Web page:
JAKARTA: Indonesia’s President Joko Widodo on Friday (Jan 10) asked Japan to step up investment in fisheries and energy in some of its South China Sea islands following a stand-off with foreign countries in waters that China claims in the area.
Widodo made the request for Japan to consider economic opportunities in the Natuna islands during a visit to Jakarta by Japanese Foreign Minister Toshimitsu Motegi, the president’s office said in a statement.
Widodo visited Natuna on Wednesday to assert Indonesia’s sovereignty over the cluster of islands and the waters around them, after reports Chinese coastguard and fishing vessels had entered Indonesia’s exclusive economic zone several times since last month.
The line loops far south from China and includes most of the South China Sea, but it is a claim that is not recognised internationally. Vietnam, the Philippines, Brunei, Malaysia and Taiwan have rival claims in the South China Sea.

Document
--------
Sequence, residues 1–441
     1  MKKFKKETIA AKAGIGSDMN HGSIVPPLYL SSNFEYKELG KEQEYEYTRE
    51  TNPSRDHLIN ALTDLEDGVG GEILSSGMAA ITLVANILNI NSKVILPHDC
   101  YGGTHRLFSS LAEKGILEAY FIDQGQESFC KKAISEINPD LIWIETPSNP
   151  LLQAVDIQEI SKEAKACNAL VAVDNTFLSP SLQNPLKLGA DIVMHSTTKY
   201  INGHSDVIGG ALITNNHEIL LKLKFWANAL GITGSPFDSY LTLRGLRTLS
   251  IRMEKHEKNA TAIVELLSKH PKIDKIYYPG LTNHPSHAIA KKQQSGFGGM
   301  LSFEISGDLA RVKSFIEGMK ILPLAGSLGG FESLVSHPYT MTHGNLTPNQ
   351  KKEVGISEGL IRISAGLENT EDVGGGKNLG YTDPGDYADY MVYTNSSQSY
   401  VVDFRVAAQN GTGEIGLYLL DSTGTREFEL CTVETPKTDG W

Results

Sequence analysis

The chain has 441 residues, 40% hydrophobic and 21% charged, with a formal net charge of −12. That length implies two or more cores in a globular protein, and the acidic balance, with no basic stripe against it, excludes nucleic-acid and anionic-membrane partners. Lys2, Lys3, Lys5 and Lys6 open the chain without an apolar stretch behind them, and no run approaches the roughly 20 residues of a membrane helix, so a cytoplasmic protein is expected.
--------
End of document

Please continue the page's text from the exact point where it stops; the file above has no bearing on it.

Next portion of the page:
Indonesian Foreign Minister Retno Marsudi told reporters Widodo had asked Japan to invest in fisheries, energy and tourism in Natuna.
“We also agreed to strengthen coastguard coordination,” he said.
Indonesia had stepped up air and sea patrols in the area and summoned China‘s ambassador over the appearance of the ships. An Indonesian military spokesman said the vessels left the area after Widodo’s trip.
“We shared a serious concern regarding efforts to change with force the status quo unilaterally and we confirmed continuing close collaboration,” he said.